Galapagos: Academy Bay

April 1, 2007 (Saturday) We are still anchored in Academy Bay, opposite the town of Puerto Ayora on the island of Santa Cruz, Galapagos. Thursday was boat maintenance day. We changed fuel and oil filters, of which we have quite alot (five fuel filters). We also took a taxi to “Mecanica Gallardo” to pick up a couple of cases of diesel motor oil and some degreaser. The degreaser was used by Manolo and his assistant on Friday to clean the hull. Our hull was covered in an array of black marks and smears of various origin. The oldest marks were from the old tires that were draped around the boat for it’s transit through the Panama Canal. Then came the tire marks inflicted by the ‘panga’ water taxis that have them attached to their bows. When they come to pick us up or drop us off from the boat, they come bow first to the side of our boat and inevitably they make contact with the boat in the swell even though we have five fenders out. The third source of black on the hull is oil that was spilled in the harbor by one of the larger boats during the night. There is no fuel dock in the bay and boats refuel from 20 gallon jerry cans brought out from shore on small boats, a process that is prone to cause a spill. The hull looks better now but is collecting a new set of tire marks from pangas. We also filled up with diesel yesterday delivered to us on a small boat but used a 220 volt pump and hose to move the diesel from the jerry cans into the tank. Nothing spilled into the water but I did manage to get some in the cockpit which I wiped up with paper towels. The occasional fuel slick in the bay means that we cannot run the watermaker here and hence have to ration water.

Thursday afternoon we hiked over to Las Greitas, a beautiful canyon filled with a mixture of fresh and salt water. The hike takes you by the Finch Bay Eco-Hotel (we could not readily discern what was “eco” about it), and some old salt pans. Friday we took a taxi up to the highlands to search for giant tortoises. At the first place we searched for them (Rancho Mariposa) we spent one hour in the broiling sun before we were told that they had all moved west. Our taxi then took us a few kilometers west and we took to the trails again. We found tortoises just strolling down the trails in the brush munching on leaves. The largest of them are quite impressive. We also had a look at the “Gemeloes”, which are huge collapsed magma chambers. A very impressive site.

Yesterday we did a one day tour to Plaza Sur Island and to Carrion Point. Plaza Sur is a small island less than one mile long and just a couple of hundred yards across and is home to 1000 sea lions and hundreds of land and marine iguanas. We were the only paying customers on the tour so the tour guide brought along her two small children. The tour involved a bus ride across Santa Cruz Island to the ‘Canal de Itabaca’ where we boarded a boat for the one and one-quarter hour ride to Plaza Sur Island. The small stone landing for the boat’s panga was strewn with the resting bodies of sea lions so the panga driver had to clap his hands and make noises to get them off so we could land. Many of the sea lions were juveniles who stay very close to shore to avoid getting taken by the sharks that cruise by looking for fresh meat. There were a few large males who bark and make a fuss to defend their territory.There seemed to be at least one marine or land iguana under every catcus tree. From Plaza Sur the boat took us to Carrion Point were Laura and I jumped in to snorkel. The water was murky at places but there were plenty of interesting fish to see, including four white-tipped sharks. One was about 9 feet long and gave us quite a start. Once back in town, we finally found the great bananas that Laura has been searching for.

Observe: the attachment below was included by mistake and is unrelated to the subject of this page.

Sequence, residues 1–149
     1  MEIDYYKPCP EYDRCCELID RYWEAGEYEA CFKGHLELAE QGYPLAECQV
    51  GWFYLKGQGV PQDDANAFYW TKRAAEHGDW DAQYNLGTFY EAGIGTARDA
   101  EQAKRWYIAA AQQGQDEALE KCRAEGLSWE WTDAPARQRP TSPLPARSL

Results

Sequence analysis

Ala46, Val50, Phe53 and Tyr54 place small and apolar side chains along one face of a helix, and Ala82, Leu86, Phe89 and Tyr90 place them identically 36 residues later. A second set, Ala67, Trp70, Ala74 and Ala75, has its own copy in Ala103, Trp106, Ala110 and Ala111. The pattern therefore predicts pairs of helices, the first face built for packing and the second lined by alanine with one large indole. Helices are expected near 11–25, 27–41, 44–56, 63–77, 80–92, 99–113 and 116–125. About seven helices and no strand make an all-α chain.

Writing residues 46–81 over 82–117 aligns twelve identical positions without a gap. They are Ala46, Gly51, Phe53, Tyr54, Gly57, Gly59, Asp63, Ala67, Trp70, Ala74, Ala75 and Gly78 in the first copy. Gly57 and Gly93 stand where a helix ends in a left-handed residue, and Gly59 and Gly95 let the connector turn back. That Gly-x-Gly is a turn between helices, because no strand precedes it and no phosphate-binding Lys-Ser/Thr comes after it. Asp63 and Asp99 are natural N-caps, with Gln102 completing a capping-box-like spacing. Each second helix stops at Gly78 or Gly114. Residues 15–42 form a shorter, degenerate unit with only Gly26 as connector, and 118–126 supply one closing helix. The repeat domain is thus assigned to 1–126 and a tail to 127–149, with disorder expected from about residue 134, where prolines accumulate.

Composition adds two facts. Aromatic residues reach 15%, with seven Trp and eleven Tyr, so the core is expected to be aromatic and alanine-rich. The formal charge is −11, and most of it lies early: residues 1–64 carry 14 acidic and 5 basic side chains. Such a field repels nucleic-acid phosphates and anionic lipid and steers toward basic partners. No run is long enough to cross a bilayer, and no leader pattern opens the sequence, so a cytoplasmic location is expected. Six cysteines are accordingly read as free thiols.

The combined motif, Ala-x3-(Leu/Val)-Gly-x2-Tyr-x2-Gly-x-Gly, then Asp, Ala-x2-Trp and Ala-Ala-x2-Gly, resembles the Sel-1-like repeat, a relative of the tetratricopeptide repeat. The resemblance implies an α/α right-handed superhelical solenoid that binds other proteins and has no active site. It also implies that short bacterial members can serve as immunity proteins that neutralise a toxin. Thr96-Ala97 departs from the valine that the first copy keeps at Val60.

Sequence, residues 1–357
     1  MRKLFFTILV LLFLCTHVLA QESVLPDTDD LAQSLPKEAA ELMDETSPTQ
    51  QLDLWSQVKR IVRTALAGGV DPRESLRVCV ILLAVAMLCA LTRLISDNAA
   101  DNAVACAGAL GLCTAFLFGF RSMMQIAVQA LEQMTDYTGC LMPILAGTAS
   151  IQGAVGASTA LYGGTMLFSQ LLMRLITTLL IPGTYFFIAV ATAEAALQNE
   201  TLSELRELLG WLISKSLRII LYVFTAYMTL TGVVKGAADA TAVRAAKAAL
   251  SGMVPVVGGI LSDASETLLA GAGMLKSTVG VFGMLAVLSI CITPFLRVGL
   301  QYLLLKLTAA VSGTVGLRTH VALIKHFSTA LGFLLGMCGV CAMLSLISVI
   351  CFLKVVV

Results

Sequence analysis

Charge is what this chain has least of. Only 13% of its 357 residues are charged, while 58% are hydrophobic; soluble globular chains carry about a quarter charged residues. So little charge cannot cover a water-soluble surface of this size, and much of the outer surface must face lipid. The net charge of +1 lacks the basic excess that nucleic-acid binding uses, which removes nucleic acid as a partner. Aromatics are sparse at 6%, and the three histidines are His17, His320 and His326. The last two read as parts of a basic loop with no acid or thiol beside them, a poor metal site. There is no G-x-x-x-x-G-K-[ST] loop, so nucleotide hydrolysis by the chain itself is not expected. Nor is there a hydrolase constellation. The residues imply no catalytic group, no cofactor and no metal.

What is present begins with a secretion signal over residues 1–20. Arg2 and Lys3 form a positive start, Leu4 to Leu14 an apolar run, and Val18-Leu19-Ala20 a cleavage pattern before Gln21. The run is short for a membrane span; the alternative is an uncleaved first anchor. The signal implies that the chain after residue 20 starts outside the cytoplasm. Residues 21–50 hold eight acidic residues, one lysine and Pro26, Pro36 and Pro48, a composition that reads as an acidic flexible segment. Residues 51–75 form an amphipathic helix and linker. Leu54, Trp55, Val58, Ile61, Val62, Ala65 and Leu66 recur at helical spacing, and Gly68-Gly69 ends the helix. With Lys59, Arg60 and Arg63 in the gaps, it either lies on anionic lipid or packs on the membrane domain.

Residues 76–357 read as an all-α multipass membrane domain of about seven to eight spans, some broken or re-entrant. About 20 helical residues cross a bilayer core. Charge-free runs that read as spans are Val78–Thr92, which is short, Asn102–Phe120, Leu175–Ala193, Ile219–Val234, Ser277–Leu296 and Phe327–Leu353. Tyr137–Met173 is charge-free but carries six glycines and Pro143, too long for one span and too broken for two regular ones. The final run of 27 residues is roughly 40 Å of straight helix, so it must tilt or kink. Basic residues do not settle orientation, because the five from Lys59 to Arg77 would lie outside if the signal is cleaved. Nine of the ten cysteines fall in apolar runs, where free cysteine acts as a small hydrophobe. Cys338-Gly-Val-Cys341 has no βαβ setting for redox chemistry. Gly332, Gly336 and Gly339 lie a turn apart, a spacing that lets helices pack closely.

Tomorrow we will provision for our Pacific crossing and do the formal check-out from Ecuador. Tuesday we head for Puerto Villamil on the island of Isabella, the westernmost of the inhabited Galapagos. It is about 50 miles to the west. It is a sleepy place without the facilities or tourists found here on Santa Cruz Island. We have a cruising permit from the Ecuadorian Navy that allows to stay in Puerto Villamil prior to setting off for the Marquesas in French Polynesia. We expect to spend about one week at Puerto Villamil.